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Politics

Dior China map causes stir at campus recruitment event

French fashion house apologizes for failing to include Taiwan on slide

A campus recruitment effort by Christian Dior in China ended up in an online crusade against the company and a public apology.   © Getty Images

NEW YORK -- When a recruiter for Christian Dior was asked, during the Q&A of a campus session in China earlier this week, to scroll her presentation back to the slide of the country's map, she thought it an unusual request.

Then came the question: "Why does the map not include Taiwan?" The query inspired a round of applause in the audience.

The recruiter answered that the map was too small. The student swiftly pointed out that the map included the island of Hainan in the south of China, which is similar in size to Taiwan. Dior explained that Taiwan, Hong Kong, and mainland China were considered the greater China market.

A video of the Wednesday exchange at Zhejiang Gongshang University was captured and uploaded on social media platform Weibo, where it went viral. 

Under the "One China principle," Beijing considers the self-ruled island of Taiwan a province of the People's Republic of China which will one day be reunified with the motherland. Many countries in the international community adopt a "One China policy," which asserts that there is only one sovereign state under the name "China," but with some ambiguity over the exact details.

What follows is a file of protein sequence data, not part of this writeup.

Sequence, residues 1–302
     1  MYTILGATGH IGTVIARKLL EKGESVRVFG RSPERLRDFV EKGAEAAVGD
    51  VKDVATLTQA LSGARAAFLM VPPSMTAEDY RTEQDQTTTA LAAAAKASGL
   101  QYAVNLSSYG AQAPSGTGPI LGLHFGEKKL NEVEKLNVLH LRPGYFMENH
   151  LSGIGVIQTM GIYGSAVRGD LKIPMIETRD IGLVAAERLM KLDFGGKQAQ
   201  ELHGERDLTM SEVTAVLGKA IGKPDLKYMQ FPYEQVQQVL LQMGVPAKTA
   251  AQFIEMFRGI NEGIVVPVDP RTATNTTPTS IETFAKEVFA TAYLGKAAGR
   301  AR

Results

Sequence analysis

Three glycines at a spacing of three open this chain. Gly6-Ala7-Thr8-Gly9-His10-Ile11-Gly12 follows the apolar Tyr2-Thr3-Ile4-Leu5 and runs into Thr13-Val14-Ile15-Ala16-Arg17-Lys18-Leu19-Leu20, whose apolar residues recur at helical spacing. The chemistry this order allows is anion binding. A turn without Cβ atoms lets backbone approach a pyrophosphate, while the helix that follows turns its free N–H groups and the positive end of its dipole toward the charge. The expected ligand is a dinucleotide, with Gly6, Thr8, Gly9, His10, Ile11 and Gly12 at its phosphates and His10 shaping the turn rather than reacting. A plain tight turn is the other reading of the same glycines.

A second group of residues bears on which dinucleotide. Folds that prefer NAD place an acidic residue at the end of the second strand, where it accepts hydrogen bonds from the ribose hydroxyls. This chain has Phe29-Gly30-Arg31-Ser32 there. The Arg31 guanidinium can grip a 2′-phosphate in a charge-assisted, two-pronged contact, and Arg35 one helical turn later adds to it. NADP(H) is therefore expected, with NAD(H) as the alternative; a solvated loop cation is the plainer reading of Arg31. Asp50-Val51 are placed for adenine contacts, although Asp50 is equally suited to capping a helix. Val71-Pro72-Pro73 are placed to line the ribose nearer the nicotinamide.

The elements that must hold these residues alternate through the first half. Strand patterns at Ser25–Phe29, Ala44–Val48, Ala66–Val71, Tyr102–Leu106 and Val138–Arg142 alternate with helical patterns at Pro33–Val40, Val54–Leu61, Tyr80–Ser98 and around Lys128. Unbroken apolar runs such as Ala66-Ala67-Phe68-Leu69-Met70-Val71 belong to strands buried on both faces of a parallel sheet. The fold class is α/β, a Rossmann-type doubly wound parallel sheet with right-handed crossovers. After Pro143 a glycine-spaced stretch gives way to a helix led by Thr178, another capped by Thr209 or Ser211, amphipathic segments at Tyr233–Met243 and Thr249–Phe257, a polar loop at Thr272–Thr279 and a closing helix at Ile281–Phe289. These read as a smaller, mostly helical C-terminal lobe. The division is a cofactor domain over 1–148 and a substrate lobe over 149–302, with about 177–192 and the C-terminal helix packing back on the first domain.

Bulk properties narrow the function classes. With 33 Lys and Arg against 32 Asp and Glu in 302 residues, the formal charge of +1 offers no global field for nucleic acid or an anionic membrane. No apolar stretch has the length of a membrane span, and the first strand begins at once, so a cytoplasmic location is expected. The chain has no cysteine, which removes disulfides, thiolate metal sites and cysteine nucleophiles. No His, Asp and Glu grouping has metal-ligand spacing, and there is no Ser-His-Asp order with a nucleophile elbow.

Weibo users remained unconvinced by the recruiter's explanation distinguishing mainland China and greater China, and the French fashion house issued an apology on Thursday.

"Individual Dior employees' wrong description and expression are categorically unrepresentative of the company and brand's consistent China stance!" the company said in a statement posted to Weibo.

"Dior has always respected and upheld the principle of One China, strictly upheld China's sovereignty and territorial integrity, and cherished feelings of the Chinese people," the statement, which was written in Chinese, continued.

The incident again shows that western companies' allegiance to China's sovereignty claims is monitored not only by the Chinese government but also by consumers who share and advocate Beijing's rhetoric surrounding sovereignty.

Earlier this year, Coach, Givenchy and Versace issued similar apologies, after social media users spotted the brands' T-shirts failing to identify Hong Kong, Macau or Taiwan as part of China. Brand ambassadors including supermodel Liu Wen and actress Yang Mi also quickly distanced themselves from the companies.

Consultancy McKinsey projects that 65% of global growth in spending on personal luxury goods from 2018 to 2025 will be from Chinese consumers.

This month, Apple and the National Basketball Association also separately fell under China's wrath over issues surrounding protests in Hong Kong.

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